It’s too simple for a recipe.  Just good bread processed in a food processor to fine crumbs.  Mixed with finely grated parmesan cheese – I use about half as much parmesan as crumbs.  Beat an egg or two till frothy.  Dip the dry mushrooms in egg, then in the parmesan crumb mix to coat.  (Make sure the mushrooms are dry, or it won’t stick, and you can squeeze the crumbed mushrooms to make the coating stick even better if you need to.) Shallow fry in light olive oil, hot but not too hot, turning with tongs till they are crispy on the outside and the mushroom inside is soft.  Let them cool before eating or you burn your tongue! Serve just as they are as a snack or little meal, or with a tomato sauce and green salad for a main meal.



I thought I might have left these a bit too long. I found them in a bed that the chooks are about to go into, lost and forgotten parsnips. They would be about nine months old, and in a few weeks they will want to go to seed.  But I harvested them in time and they were smooth and sweet and very delicious, Just the big one on its own was enough for a main meal for two of us that turned into one of the best Tuesday Night Vego Challenge recipes of the year.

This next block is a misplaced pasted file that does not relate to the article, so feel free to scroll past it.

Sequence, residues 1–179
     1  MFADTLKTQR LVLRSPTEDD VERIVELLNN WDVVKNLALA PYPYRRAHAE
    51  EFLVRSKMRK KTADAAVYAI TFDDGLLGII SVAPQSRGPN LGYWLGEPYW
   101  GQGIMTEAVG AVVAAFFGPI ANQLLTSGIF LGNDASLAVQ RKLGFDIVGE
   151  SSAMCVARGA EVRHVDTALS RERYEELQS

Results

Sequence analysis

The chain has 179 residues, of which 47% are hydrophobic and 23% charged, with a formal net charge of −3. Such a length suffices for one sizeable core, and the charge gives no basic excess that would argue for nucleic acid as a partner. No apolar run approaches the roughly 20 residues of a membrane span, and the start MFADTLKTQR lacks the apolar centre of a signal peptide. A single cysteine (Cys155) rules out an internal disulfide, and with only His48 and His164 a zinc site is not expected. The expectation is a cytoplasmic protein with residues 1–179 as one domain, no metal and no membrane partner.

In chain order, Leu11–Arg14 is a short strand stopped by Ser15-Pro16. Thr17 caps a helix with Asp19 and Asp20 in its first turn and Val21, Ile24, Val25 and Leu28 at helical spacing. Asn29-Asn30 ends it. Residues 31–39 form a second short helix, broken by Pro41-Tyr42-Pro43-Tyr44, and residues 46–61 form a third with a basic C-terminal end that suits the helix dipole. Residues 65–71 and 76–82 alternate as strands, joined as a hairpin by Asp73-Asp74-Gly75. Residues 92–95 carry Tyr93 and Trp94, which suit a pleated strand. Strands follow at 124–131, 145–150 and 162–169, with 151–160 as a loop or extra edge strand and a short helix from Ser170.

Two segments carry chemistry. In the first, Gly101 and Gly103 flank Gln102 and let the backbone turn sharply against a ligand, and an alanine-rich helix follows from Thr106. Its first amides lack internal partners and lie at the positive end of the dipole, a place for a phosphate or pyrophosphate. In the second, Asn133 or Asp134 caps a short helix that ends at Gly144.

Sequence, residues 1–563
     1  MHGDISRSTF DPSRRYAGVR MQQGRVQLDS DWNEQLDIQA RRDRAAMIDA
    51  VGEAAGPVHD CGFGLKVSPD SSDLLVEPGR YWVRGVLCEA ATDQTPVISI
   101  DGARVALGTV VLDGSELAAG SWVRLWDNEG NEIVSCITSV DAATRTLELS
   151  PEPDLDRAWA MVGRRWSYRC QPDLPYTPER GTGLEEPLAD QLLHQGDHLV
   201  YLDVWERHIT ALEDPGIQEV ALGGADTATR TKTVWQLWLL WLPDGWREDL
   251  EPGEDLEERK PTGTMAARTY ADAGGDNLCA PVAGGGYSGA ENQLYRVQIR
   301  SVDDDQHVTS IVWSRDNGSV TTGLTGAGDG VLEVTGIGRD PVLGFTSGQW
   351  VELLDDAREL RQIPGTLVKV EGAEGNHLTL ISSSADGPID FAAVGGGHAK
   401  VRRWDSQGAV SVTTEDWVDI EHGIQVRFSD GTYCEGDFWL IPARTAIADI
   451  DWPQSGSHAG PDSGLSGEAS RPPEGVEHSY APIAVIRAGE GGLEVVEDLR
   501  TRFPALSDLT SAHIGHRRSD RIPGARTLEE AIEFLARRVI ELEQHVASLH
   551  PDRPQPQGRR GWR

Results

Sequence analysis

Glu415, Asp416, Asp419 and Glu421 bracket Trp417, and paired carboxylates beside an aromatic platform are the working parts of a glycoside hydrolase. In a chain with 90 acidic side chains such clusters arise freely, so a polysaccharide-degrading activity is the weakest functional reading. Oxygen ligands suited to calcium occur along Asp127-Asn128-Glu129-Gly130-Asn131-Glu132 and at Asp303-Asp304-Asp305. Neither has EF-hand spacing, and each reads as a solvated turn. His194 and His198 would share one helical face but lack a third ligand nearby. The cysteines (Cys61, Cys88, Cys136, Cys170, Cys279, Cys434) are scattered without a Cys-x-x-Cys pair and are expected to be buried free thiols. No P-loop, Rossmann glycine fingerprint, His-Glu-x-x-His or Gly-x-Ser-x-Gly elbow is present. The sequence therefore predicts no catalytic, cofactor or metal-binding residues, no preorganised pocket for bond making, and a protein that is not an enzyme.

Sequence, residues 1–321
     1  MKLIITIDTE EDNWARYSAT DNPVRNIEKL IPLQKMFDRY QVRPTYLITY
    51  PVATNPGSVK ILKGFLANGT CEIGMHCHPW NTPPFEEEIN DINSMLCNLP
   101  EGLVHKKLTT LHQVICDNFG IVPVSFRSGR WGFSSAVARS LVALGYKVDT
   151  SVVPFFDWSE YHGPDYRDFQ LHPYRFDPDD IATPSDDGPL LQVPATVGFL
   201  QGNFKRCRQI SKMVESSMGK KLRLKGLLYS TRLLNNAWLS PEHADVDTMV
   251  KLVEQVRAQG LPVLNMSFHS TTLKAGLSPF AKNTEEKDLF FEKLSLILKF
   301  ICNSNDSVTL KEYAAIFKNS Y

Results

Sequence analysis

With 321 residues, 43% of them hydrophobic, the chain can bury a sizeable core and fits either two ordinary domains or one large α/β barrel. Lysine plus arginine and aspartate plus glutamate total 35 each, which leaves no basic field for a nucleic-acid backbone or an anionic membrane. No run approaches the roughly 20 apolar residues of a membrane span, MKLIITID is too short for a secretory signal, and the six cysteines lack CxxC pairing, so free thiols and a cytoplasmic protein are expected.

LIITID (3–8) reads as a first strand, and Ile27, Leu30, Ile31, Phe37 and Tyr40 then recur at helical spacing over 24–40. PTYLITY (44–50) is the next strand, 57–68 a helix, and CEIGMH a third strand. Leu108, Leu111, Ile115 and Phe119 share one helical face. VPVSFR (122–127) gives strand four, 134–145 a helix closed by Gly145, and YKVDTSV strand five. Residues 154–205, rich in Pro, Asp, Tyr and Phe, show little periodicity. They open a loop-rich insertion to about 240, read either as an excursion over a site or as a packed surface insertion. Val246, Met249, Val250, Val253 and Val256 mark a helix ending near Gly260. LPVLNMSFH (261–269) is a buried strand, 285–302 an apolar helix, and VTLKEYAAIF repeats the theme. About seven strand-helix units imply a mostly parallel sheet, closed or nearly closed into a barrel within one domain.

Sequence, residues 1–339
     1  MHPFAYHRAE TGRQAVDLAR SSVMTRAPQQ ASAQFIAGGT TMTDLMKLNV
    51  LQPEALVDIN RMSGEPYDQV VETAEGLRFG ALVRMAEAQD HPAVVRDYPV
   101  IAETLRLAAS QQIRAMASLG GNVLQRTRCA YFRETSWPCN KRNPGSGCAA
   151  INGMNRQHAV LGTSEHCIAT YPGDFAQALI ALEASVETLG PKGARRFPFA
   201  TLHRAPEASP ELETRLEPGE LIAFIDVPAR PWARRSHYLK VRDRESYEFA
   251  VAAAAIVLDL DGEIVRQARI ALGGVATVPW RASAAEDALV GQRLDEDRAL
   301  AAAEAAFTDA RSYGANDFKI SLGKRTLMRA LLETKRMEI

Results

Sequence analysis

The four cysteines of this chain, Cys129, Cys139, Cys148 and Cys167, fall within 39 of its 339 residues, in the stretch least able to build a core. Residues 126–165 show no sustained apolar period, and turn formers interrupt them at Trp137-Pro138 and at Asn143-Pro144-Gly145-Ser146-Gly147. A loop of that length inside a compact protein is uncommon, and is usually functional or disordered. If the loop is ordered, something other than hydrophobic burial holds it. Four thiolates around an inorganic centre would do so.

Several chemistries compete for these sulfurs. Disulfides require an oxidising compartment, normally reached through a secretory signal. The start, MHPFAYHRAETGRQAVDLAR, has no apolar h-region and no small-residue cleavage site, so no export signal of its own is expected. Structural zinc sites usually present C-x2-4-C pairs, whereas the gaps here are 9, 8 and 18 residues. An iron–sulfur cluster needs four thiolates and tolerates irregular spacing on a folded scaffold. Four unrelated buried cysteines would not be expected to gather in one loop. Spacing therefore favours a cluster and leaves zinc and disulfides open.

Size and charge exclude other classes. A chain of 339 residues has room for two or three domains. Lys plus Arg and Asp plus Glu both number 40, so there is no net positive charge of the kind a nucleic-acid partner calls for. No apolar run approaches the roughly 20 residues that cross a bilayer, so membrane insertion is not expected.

Once they’re established, parsnips are amazingly hardy and productive.  The hard part is getting them going. I germinate them the same way I germinate carrots – in the shadehouse in little leaf pots.  You need fresh seed, and you need to keep them moist for quite a long time till they come up.  I love parsnips, and I can get them most of the year, but the best ones are the ones harvested in winter, which are the ones planted in late spring – the absolute hardest time to keep things moist for weeks while they decide to germinate.

Once they’re established though, they cope with even the hot dry of summer and the frosts of winter and yield a lot of food for the space they take.

Parsnips make the most amazing mash – very low GI, low calorie, but smooth and luscious and much sweeter than potato mash.  And full of soluble and insoluble fibre and lots of vitamins and minerals.